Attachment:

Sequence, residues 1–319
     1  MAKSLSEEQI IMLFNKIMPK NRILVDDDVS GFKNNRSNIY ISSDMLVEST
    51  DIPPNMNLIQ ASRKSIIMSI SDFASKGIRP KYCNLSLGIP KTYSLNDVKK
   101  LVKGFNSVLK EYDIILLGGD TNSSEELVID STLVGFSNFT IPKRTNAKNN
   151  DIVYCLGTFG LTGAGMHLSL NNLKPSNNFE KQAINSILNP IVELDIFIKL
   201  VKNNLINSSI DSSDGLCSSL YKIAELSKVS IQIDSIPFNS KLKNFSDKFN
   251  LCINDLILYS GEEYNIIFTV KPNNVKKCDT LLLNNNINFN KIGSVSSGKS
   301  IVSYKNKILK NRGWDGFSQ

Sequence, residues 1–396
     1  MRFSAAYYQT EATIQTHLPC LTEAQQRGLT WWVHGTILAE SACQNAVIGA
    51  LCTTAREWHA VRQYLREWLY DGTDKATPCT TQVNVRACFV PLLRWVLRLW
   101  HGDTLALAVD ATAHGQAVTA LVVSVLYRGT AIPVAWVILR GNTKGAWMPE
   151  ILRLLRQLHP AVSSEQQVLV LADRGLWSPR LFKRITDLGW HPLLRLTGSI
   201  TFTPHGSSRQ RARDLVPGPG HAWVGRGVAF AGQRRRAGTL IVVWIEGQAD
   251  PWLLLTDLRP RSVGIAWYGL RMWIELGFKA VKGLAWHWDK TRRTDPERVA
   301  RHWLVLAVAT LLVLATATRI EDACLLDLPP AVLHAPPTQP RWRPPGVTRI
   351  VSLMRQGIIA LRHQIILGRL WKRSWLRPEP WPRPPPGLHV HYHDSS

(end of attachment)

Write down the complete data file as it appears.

Sequence, residues 1–319
     1  MAKSLSEEQI IMLFNKIMPK NRILVDDDVS GFKNNRSNIY ISSDMLVEST
    51  DIPPNMNLIQ ASRKSIIMSI SDFASKGIRP KYCNLSLGIP KTYSLNDVKK
   101  LVKGFNSVLK EYDIILLGGD TNSSEELVID STLVGFSNFT IPKRTNAKNN
   151  DIVYCLGTFG LTGAGMHLSL NNLKPSNNFE KQAINSILNP IVELDIFIKL
   201  VKNNLINSSI DSSDGLCSSL YKIAELSKVS IQIDSIPFNS KLKNFSDKFN
   251  LCINDLILYS GEEYNIIFTV KPNNVKKCDT LLLNNNINFN KIGSVSSGKS
   301  IVSYKNKILK NRGWDGFSQ

Sequence, residues 1–396
     1  MRFSAAYYQT EATIQTHLPC LTEAQQRGLT WWVHGTILAE SACQNAVIGA
    51  LCTTAREWHA VRQYLREWLY DGTDKATPCT TQVNVRACFV PLLRWVLRLW
   101  HGDTLALAVD ATAHGQAVTA LVVSVLYRGT AIPVAWVILR GNTKGAWMPE
   151  ILRLLRQLHP AVSSEQQVLV LADRGLWSPR LFKRITDLGW HPLLRLTGSI
   201  TFTPHGSSRQ RARDLVPGPG HAWVGRGVAF AGQRRRAGTL IVVWIEGQAD
   251  PWLLLTDLRP RSVGIAWYGL RMWIELGFKA VKGLAWHWDK TRRTDPERVA
   301  RHWLVLAVAT LLVLATATRI EDACLLDLPP AVLHAPPTQP RWRPPGVTRI
   351  VSLMRQGIIA LRHQIILGRL WKRSWLRPEP WPRPPPGLHV HYHDSS